BLUE MOUNTAIN LAKE - The New York State budget crises continues to have a "ripple effect" throughout the region.
This week, the Adirondack Lake Center for the Arts announced that three regular grants administered through the New York State Council on the Arts (NYSCA) would not be funded in the 2009-10 budget cycle.
The NYSCA administrative budget will see a nearly $1 million cut from its projected $6.1 million annual budget at the beginning of this year.
The current budget proposes a $7 million dollar overall cut to NYSCA in 2009-10, leaving approximately $38.9 million for local assistance and regional grants across the State.
Due to the timing of the budget cycle and annual grant awards, over 500 organizations will not receive grant funding - including those who have been awarded contracts earlier this year.
The Adirondack Lake Center for the Arts recently announced that it will be forced to seek alternate funding for three historical grants. The grants include General Operating Support, Performing Arts, and the new Decentralization Re-Grant.
The ALCA administers the Decentralization re-grant program for Hamilton County. The program allows other agencies throughout the region to apply for small grants.
"This is affecting not only our organization but also the 17 other applications that we got in," ALCA acting Manager, Jamie Strader said in reference to the re-grant program. "It's a culturally under-served area as it is and unfortunately in 2009 it will be even more so."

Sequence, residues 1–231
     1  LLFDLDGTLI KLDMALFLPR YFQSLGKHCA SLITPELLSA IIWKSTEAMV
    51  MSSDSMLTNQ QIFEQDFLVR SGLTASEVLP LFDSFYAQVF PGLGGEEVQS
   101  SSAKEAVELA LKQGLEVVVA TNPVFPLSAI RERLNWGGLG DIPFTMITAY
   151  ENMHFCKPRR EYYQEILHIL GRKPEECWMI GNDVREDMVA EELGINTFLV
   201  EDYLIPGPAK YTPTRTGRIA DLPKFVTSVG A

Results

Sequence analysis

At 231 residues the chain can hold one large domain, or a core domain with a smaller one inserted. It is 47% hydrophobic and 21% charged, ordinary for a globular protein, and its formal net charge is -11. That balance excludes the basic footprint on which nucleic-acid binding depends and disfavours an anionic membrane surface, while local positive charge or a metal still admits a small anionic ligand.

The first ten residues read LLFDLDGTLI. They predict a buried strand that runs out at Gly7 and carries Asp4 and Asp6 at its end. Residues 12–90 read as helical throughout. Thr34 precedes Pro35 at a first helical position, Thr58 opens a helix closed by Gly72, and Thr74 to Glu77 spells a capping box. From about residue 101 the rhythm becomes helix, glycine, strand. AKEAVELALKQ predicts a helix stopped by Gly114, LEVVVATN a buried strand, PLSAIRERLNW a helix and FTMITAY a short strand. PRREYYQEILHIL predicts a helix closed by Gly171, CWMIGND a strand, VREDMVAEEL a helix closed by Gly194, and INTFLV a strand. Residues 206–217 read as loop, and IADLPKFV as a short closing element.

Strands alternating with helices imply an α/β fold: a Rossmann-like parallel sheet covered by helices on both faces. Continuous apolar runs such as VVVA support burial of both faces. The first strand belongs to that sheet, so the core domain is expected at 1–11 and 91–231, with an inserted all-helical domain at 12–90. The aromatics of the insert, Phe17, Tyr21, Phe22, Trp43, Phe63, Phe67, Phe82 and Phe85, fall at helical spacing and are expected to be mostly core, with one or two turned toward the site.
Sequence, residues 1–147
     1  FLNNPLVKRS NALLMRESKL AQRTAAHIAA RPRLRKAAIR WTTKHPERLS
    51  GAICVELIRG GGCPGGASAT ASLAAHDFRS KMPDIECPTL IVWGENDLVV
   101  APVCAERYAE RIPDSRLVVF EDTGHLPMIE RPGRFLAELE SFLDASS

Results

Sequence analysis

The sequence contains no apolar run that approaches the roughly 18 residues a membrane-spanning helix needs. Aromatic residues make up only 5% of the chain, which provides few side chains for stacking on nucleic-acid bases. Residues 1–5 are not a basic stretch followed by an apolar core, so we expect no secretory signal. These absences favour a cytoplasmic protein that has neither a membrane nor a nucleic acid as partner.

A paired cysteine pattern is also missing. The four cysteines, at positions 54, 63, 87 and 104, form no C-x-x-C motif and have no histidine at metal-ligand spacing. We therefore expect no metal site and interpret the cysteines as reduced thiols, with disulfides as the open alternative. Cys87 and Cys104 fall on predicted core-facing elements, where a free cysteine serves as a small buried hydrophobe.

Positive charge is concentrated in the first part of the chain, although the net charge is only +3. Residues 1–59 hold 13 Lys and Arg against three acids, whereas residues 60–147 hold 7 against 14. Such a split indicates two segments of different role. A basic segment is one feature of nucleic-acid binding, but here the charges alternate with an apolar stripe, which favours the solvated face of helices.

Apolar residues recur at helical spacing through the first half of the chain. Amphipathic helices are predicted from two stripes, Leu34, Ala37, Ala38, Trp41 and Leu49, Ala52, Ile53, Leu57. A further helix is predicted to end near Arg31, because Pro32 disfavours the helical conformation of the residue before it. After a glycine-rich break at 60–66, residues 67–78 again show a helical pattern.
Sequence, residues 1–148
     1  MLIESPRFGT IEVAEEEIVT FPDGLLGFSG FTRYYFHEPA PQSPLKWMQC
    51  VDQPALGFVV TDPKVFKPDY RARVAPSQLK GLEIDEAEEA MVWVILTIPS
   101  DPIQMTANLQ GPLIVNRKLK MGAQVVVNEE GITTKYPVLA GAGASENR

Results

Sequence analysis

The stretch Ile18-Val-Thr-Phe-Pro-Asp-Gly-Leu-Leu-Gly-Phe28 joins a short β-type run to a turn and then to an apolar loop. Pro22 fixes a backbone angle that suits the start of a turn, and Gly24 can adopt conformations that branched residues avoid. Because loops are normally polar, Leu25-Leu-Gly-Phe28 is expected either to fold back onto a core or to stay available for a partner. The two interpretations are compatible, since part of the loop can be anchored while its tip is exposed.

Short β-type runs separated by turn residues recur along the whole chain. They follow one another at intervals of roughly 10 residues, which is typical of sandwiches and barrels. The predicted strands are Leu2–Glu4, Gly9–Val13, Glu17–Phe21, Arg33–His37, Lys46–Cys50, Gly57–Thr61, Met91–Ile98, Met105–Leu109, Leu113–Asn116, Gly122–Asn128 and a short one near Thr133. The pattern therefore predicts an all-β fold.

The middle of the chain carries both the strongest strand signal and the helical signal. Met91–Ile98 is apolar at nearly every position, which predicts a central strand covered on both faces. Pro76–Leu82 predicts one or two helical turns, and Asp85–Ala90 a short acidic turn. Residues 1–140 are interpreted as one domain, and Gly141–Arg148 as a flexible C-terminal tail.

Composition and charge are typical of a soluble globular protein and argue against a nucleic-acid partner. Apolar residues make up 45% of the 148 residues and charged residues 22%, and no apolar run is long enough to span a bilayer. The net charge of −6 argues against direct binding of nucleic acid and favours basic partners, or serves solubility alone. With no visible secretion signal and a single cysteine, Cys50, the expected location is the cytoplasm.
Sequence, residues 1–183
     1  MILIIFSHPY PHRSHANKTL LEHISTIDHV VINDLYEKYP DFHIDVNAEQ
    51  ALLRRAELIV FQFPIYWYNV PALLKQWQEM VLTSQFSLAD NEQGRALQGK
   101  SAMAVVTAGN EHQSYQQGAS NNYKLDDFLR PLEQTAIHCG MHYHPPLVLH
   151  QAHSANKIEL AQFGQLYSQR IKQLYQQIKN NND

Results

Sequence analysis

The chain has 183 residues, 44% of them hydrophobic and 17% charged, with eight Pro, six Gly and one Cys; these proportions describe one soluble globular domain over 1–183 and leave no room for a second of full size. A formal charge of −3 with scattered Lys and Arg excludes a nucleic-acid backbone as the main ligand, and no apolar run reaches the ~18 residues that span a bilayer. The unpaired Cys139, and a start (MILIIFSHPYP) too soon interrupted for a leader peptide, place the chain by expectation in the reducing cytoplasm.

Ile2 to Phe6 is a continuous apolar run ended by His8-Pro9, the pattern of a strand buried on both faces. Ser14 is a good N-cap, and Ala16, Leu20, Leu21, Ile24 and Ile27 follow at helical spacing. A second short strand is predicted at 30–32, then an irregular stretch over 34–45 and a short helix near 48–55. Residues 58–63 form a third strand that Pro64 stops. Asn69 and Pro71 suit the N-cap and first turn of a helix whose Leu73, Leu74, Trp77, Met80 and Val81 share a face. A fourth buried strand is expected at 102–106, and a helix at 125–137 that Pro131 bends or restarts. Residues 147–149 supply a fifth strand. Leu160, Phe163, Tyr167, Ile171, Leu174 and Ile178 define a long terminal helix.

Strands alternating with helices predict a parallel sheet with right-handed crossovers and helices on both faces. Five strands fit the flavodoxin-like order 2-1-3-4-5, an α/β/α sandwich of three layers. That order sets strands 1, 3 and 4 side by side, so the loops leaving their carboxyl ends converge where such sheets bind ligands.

While the State budget cuts represent a modest portion of the ALCA annual operating budget, Strader is quick to point out that the organization will continue to operate this year.
"For the Arts Center it means we are going to have to do some creative fundraising to make up the difference," Strader said.
Potential changes may include modest entry fees for traditionally free programs and renegotiation with some of next year's contracted performers.
Referring to the "twist of fate" that accompanies budget requests, Strader noted that some programs were able to secure funding based solely on their review period. She has been in contact with representatives from NYSCA who have been very supportive of her concerns and pledge to do everything in their power to correct the situation.
"We understand that these are not NYSCA decisions," Strader said. "The council has always been very supportive of us and we are working together to work through this."
There is no indication of when the grants would be back up for review.
As a proactive measure, this week the ALCA issued an appeal to supporters in the hope of securing private donations and putting pressure on State officials to restore the funding.
"We will do the best we can," Strader concluded. "But it's definitely time to do some belt-tightening."